I also think most flyers have no idea how much radiation they get in the air. Six hours of flight is equivalent to an hour in Fukushima 3 miles out from the power plant. I consider the radiation from actual flying acceptable, because I’m getting something in return, namely passage.

    In principle, I consider airport security an absolute necessity. Argue all you want about how badly it’s implemented by TSA. We still need it.

    I would say a whole body scanner is not a bad idea, per se, aside to my strong objection to the back scatter X-ray technology that was used. That’s why I’m perfectly fine with the other millimeter wave scanner. I’m not convinced there is a peeping tom factor. Tell me that body scanner imagery can do true colors and textures, and I’ll reconsider. Otherwise, it’s as convincing to me as IR images and ultrasound pictures of your fetus.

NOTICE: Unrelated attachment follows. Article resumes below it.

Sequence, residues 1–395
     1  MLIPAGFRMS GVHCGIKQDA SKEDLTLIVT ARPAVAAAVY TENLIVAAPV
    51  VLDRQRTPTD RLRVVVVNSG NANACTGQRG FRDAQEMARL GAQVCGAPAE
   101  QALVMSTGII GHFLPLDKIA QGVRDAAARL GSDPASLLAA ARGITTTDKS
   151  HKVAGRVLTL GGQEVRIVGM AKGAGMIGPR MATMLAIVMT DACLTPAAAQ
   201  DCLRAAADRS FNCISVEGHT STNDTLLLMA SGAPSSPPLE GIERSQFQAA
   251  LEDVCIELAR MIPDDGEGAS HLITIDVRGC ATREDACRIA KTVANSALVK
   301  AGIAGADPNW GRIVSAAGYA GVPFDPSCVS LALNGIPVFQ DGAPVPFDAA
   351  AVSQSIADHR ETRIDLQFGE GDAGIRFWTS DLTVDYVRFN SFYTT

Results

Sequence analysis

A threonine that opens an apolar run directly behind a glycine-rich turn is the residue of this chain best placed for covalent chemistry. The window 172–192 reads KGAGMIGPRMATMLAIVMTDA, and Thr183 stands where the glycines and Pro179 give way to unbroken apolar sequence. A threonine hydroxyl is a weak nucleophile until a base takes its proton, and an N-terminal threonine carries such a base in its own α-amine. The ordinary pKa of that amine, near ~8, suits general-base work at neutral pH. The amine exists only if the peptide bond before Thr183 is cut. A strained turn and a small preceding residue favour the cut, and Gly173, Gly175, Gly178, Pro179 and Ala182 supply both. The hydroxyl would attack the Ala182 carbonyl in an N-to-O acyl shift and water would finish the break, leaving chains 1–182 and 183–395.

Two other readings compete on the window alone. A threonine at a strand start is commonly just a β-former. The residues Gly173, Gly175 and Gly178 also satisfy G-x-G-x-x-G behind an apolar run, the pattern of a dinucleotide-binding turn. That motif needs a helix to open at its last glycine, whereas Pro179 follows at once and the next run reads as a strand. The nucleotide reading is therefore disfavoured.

You say that you don’t like government agents being peeping toms. As I consider airport security, in principle and regardless of today’s actual implementation, to be an absolute necessity, the alternative is consignment to private contractors. My impression of the matter is that private contractors are far less trustable than government, in that they can’t be scrutinized to the same degree as a government agency when they do wrong. They are held much less accountable for their deeds for that.

  2. What does this guy hope to gain? a little notoriety at the costs of tens of thousands of dollars and a hell of a lot of time? I kinda feel bad for this guy that he has nothing better to do than fight a battle he can/should/will never win.